Wednesday, June 12, 2013

Battle over the role of geology in wine typicity

According to Christopher Bargman (Geology and wine in South Africa, Geoscientist 15(4), April 2005), soil is the major influence on the growth of the vine plant. It provides: (i) a supply of water; (ii) anchorage in the ground; and (iii) a source of nutrition. According to education.mhusa.com, " soil is more than just dirt." It is, instead, "... a complex system of decomposed rocks that have been enriched over time by decomposed organic matter." The classic soil profile is shown below.

Source: westone.wa.gov.au


According to Wolf and Boyer (Vineyard Site Selection, Virginia Cooperative Extension), the best vineyard soils "permit deep and spreading root growth" and provide a moderate supply of water year-round. Mark Chien (Soil and Site Selection Considerations for Wine Grape Vineyards, Pennsylvania State University) posits that wine grapes do best in moderately fertile soils that are unsupportive of vigorous vine growth. What are the soil characteristics that will permit "deep and spreading root growth" and year-round access to water? Those characteristics are presented in descending order of importance in the table below.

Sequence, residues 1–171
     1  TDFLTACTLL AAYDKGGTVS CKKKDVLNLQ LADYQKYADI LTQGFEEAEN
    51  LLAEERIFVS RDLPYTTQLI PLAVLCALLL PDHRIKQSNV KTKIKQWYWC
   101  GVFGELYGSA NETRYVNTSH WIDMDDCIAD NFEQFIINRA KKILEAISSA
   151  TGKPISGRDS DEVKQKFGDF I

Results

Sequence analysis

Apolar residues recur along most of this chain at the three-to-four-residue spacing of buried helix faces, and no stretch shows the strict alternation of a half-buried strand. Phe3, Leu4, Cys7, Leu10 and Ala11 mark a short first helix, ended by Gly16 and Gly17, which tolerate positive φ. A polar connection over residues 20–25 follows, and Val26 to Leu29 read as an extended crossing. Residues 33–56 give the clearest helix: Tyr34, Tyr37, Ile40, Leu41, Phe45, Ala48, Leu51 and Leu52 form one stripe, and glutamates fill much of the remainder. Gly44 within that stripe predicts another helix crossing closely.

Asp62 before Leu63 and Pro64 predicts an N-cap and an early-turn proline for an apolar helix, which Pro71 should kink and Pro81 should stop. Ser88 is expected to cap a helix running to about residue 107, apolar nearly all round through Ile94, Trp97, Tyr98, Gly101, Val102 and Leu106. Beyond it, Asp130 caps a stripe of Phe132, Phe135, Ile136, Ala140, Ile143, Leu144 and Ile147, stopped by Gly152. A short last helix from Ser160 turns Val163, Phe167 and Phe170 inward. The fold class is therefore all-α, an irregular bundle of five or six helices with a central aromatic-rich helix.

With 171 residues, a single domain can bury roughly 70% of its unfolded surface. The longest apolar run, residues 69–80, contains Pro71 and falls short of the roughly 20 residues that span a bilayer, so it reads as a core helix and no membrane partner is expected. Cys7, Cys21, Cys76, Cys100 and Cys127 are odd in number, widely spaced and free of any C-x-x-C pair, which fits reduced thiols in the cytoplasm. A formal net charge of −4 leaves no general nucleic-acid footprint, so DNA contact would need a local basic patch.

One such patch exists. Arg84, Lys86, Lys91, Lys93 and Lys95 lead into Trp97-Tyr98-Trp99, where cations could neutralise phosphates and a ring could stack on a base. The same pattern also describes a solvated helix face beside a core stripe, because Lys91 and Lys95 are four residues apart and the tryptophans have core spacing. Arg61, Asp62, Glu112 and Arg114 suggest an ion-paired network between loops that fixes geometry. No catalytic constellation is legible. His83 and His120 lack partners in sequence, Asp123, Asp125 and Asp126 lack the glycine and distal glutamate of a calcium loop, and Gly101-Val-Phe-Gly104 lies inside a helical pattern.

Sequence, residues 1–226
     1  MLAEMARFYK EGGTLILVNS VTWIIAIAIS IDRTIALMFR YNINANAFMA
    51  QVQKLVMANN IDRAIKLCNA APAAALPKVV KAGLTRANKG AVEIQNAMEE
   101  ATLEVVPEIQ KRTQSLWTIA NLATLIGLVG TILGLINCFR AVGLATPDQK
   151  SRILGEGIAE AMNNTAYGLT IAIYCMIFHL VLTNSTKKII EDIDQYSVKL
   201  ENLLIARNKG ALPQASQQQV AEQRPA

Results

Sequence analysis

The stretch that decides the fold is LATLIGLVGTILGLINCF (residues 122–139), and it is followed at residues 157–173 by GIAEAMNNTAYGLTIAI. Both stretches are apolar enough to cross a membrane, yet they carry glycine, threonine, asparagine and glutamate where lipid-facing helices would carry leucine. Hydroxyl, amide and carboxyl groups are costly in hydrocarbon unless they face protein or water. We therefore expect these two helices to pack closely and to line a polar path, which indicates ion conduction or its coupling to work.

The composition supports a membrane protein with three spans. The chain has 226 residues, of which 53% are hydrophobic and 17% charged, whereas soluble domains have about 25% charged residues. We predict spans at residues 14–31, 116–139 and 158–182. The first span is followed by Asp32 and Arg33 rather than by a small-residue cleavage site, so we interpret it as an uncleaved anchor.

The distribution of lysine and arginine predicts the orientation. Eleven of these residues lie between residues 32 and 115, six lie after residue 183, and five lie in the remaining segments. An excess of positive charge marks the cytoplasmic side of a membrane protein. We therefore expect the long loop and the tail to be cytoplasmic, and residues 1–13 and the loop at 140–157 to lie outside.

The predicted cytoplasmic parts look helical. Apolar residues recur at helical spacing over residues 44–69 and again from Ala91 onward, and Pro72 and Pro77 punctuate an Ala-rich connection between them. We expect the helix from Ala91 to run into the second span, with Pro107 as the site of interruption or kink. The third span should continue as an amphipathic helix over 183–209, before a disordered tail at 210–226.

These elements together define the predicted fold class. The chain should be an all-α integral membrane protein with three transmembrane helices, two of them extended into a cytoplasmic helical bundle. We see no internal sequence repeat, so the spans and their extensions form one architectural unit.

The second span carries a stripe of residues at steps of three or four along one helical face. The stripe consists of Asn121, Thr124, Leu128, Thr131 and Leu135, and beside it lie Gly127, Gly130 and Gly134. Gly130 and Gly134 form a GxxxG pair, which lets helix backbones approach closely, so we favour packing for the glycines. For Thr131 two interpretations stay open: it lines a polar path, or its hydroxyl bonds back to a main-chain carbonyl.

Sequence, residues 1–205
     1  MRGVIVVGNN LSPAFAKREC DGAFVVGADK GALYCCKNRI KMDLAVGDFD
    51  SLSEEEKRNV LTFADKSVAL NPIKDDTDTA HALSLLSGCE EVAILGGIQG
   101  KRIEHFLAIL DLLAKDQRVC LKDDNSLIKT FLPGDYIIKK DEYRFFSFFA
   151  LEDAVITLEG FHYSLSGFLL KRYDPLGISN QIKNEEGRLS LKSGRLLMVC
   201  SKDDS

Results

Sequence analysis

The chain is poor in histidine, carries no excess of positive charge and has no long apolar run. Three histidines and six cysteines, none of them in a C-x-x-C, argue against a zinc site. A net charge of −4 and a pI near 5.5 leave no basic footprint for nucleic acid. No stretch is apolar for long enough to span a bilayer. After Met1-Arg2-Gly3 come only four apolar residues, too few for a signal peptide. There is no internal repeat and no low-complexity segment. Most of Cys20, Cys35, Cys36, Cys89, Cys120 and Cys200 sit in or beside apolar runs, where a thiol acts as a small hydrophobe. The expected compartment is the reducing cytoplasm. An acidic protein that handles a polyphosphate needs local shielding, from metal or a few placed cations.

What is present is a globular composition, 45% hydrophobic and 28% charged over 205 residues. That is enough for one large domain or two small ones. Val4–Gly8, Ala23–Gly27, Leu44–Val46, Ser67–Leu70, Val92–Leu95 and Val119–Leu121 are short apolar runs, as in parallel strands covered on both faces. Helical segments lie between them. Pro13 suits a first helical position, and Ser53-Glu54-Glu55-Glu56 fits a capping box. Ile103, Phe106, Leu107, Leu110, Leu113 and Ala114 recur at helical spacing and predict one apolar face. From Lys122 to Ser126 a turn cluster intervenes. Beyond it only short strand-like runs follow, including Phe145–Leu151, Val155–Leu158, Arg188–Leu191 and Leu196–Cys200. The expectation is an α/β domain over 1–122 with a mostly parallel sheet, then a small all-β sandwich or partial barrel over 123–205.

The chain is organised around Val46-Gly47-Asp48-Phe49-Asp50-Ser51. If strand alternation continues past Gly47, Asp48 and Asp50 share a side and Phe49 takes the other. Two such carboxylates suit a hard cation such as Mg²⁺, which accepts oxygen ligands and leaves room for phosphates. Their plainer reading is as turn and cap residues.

But to many in the business of wine production and wine marketing, these "rudimentary" roles for soils do not tell the full story of its contribution to the finished product. According to champagne.fr (the website maintained by The Comité Champagne, the trade association that represents the interests of Champagne Growers and Houses):